Artificial neural network modeling enhances risk stratification and can reduce downstream testing for patients with suspected acute coronary syndromes, negative cardiac biomarkers, and normal ECGs
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Despite uncertain yield, guidelines endorse routine stress myocardial perfusion imaging (MPI) for patients with suspected acute coronary syndromes, unremarkable serial electrocardiograms, and negative troponin measurements. In these patients, outcome prediction and risk stratification models could spare unnecessary testing. This study therefore investigated the use of artificial neural networks (ANN) to improve risk stratification and prediction of MPI and angiographic results. We retrospectively identified 5354 consecutive patients referred from the emergency department for rest-stress MPI after serial negative troponins and normal ECGs. Patients were risk stratified according to thrombolysis in myocardial infarction (TIMI) scores, ischemia was defined as >5 % reversible perfusion defect, and obstructive coronary artery disease was defined as >50 % angiographic obstruction. For ANN, the network architecture employed a systematic method where the number of neurons is changed incrementally, and bootstrapping was performed to evaluate the accuracy of the models. Compared to TIMI scores, ANN models provided improved discriminatory power. With regards to MPI, an ANN model could reduce testing by 59 % and maintain a 96 % negative predictive value (NPV) for ruling out ischemia. Application of an ANN model could also avoid 73 % of invasive coronary angiograms while maintaining a 98 % NPV for detecting obstructive CAD. An online calculator for clinical use was created using these models. The ANN models improved risk stratification when compared to the TIMI score. Our calculator could also reduce downstream testing while maintaining an excellent NPV, though further study is needed before the calculator can be used clinically.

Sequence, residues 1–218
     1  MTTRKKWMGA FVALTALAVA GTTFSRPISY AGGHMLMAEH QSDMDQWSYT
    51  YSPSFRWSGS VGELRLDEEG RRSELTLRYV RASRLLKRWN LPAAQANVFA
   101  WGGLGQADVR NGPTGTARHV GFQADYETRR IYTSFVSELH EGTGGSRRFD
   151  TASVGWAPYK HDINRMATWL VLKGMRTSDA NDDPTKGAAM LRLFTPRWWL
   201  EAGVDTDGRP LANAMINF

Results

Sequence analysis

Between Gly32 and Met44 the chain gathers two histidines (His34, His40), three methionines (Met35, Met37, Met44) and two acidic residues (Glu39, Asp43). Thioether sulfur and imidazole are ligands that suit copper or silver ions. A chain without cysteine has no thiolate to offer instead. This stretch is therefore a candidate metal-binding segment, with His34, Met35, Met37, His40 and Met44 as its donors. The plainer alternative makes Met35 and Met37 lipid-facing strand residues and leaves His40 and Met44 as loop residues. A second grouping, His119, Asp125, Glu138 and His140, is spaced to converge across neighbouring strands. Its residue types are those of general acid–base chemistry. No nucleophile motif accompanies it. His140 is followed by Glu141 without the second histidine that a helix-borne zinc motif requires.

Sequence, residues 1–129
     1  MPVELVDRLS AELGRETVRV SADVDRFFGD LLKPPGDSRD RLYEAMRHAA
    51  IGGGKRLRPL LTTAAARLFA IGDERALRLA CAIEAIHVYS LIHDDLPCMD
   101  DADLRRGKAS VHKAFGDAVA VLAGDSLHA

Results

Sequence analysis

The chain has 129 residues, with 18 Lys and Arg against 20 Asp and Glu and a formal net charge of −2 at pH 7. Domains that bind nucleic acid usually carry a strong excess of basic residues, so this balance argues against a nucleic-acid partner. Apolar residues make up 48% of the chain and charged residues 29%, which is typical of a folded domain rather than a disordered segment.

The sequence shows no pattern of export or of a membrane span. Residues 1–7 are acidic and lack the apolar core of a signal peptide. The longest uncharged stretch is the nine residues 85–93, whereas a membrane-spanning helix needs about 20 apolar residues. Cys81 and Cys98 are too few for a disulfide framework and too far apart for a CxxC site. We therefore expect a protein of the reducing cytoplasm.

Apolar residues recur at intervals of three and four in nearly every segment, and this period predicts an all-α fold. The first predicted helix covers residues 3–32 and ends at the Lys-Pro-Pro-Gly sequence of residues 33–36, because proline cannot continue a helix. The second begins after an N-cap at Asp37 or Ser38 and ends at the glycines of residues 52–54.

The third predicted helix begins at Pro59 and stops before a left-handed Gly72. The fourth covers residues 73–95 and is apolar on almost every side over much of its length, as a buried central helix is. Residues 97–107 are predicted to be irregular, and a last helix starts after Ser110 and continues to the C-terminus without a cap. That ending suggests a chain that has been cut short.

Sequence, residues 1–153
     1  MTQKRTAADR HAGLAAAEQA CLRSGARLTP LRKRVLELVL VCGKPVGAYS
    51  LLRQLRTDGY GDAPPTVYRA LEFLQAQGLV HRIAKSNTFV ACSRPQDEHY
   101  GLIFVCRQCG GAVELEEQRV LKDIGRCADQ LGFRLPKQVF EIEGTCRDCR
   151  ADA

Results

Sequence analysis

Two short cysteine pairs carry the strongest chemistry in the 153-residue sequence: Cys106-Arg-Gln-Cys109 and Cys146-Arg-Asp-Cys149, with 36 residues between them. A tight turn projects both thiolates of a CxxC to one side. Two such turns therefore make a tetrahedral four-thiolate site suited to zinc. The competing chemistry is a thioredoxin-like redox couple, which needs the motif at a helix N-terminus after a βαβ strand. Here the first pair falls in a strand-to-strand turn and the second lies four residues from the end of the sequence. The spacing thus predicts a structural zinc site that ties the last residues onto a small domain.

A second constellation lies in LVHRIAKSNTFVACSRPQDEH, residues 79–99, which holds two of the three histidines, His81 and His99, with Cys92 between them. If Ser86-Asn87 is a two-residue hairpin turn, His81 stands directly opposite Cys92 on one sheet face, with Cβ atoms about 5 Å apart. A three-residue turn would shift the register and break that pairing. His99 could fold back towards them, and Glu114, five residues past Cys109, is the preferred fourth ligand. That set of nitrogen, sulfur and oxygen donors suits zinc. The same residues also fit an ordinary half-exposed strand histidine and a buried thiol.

KeywordsArtificial neural networks Thrombolysis in myocardial infarction score Single-photon emission computed tomography Myocardial perfusion imaging
Compliance with ethical standards
Conflict of interest
Author Isma’eel HA declares that he has no conflict of interest. Author Cremer PC declares that he has no conflict of interest. Author Khalaf S declares that she has no conflict of interest. Author Almedawar MM declares that he has no conflict of interest. Author Elhajj IH declares that he has no conflict of interest. Author Sakr GE declares that he has no conflict of interest. Author Jaber WA declares that he has no conflict of interest.
All procedures performed in studies involving human participants were in accordance with the ethical standards of the institutional and/or national research committee and with the 1964 Helsinki declaration and its later amendments or comparable ethical standards.
Informed consent was obtained from all individual participants included in the study.
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